How to deduct losses on virtual currency, cryptocurrency and non-fungible tokens.
In the current digital asset climate of plummeting values, frozen accounts, and bankruptcy filings, if you own investments in digital assets, such as virtual currency, cryptocurrency and/or non-fungible tokens (NFTs), you might wonder when it is appropriate to report losses on your tax return.
The IRS considers digital assets to be property. The tax treatment of a digital asset transaction depends on the purpose of the digital asset in your hands. If you held or are holding digital assets as investments, the digital assets are considered capital assets and certain tax rules apply when determining gains and losses from these investments. (Note: This Tax Tip only addresses digital assets held for investment. If you held digital assets for a reason other than investment purposes, see IRS Publication 544, Sales and Other Dispositions of Assets, and IRS Notice 2014-21 for more information.)
If you sold the digital asset you held as an investment for less than your cost to purchase it, you have a capital loss. First, you will need to determine if your capital loss is a short-term loss or a long-term loss (use IRS Publication 544, Sales and Other Dispositions of Assets, to help you make this determination). Then use Form 8949 to calculate your capital gain or loss and report that gain or loss on Schedule D (Form 1040). If you exchanged your digital asset investment for property (including a different digital asset) other than cash, you will first need to value the property you received on the date of the transaction. For example, if the value is greater than your cost in the digital asset you gave up, then you have a capital loss, which you will report on Form 8949.
Bankruptcy and Frozen Accounts
How should you report your digital asset investment loss when it is worthless, near worthless, locked in bankruptcy proceedings, or has vanished?
Although some digital assets lost a significant amount of their value during 2022, you cannot claim a loss from this decrease on your tax return until there is a closed and completed transaction, such as a sale or exchange. If your digital asset investment account is frozen or your digital assets are tied up in bankruptcy proceedings, you can’t claim a taxable loss because you don’t have a closed and completed transaction. Once your account has been unfrozen or the bankruptcy proceedings completed, you will have to reassess your situation. If your digital assets and your ownership of them have remained intact, and they have any value, then you don’t have a recognizable loss. If you received a settlement (regardless how small) from the bankruptcy proceedings in exchange for your digital assets, this is considered a sale and you should calculate your capital loss (or gain) on Form 8949 and report it on Schedule D (Form 1040) for the year you received the settlement. If you received nothing from the bankruptcy settlement, neither money nor your digital assets, then your digital asset investment may be considered worthless and different rules apply.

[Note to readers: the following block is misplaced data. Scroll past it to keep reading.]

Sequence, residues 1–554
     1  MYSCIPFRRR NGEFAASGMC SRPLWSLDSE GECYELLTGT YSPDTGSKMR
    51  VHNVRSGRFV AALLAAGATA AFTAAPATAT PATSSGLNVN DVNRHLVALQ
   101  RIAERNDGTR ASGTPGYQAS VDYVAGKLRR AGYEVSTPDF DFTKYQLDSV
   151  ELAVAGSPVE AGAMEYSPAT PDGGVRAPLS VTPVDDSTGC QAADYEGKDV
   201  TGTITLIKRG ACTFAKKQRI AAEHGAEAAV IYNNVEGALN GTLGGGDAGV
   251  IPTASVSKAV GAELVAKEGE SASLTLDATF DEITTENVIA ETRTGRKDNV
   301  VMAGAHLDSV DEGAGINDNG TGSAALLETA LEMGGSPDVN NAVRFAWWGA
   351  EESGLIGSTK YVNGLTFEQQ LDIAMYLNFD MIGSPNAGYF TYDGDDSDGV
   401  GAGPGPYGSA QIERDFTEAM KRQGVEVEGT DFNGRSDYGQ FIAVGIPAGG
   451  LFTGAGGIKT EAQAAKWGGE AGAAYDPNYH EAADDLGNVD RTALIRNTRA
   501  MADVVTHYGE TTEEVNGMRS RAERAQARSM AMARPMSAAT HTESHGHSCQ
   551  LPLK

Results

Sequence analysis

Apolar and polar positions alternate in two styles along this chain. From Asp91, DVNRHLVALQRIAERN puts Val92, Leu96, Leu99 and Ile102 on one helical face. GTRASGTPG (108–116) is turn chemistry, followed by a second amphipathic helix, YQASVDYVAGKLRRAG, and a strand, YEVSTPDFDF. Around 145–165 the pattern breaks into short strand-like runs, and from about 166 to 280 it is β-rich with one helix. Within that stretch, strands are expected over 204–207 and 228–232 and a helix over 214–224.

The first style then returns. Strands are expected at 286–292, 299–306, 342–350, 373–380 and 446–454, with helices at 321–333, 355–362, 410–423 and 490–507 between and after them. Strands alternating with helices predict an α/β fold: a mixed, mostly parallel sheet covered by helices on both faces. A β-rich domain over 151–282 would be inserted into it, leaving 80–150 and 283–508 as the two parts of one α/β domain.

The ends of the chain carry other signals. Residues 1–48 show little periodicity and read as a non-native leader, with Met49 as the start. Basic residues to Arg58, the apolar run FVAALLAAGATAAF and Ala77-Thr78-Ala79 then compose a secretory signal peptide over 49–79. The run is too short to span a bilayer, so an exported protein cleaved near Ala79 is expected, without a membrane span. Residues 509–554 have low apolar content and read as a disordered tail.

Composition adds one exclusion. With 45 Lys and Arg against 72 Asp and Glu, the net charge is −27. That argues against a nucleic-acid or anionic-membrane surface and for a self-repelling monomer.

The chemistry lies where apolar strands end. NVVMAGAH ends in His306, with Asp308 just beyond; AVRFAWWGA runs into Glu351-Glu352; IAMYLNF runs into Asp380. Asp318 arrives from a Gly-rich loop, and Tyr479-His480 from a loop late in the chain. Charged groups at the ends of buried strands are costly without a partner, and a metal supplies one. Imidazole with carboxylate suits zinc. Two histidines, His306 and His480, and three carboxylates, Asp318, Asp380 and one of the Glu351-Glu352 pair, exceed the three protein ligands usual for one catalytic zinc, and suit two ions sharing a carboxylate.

Worthless or Abandoned
Unlike a sale of a digital asset investment that results in capital gain or loss, the loss from your digital asset investment becoming completely worthless is an ordinary loss. You should note that the asset must be completely worthless, not nearly worthless, for this loss to recognized. An ordinary loss from a worthless or abandoned investment is a miscellaneous itemized deduction in the year of worthlessness/abandonment but is not deductible on your tax return because the Tax Cuts and Jobs Act of 2017 disallows miscellaneous itemized deductions for tax years 2018-2025.
If your digital asset investment was stolen, then the theft loss rules apply to the year you became aware of the theft. (see Chief Counsel Advice (CCA) 202302011 and Tax Topic No. 515 Casualty, Disaster, and Theft Losses for more information). The theft must meet your local jurisdiction’s definition of theft and you must include any consideration you received for the theft when calculating your loss (or gain). If the theft results in a net loss, the loss is an ordinary loss and is not subject to the miscellaneous itemized deduction limitations. You will report the gain or loss from the theft of your digital asset investment on Form 4684 (see IRS Publication 547 for more information).
The main point to remember is that not all losses are equal, and the tax treatment depends on the nature of the loss. If you think you have a loss on your digital asset investment, do your homework or consult with a knowledgeable tax professional to help you determine if you’ve incurred a loss on your digital asset investment and, if so, when, to what amount, and the character of any loss (or gain).
If you received a Form 1099 reporting your digital asset income and/or transactions, this information has been reported to the IRS. Make sure to report this information on your tax return, even if your account with the digital asset exchange has been frozen or the digital asset exchange is involved in bankruptcy proceedings.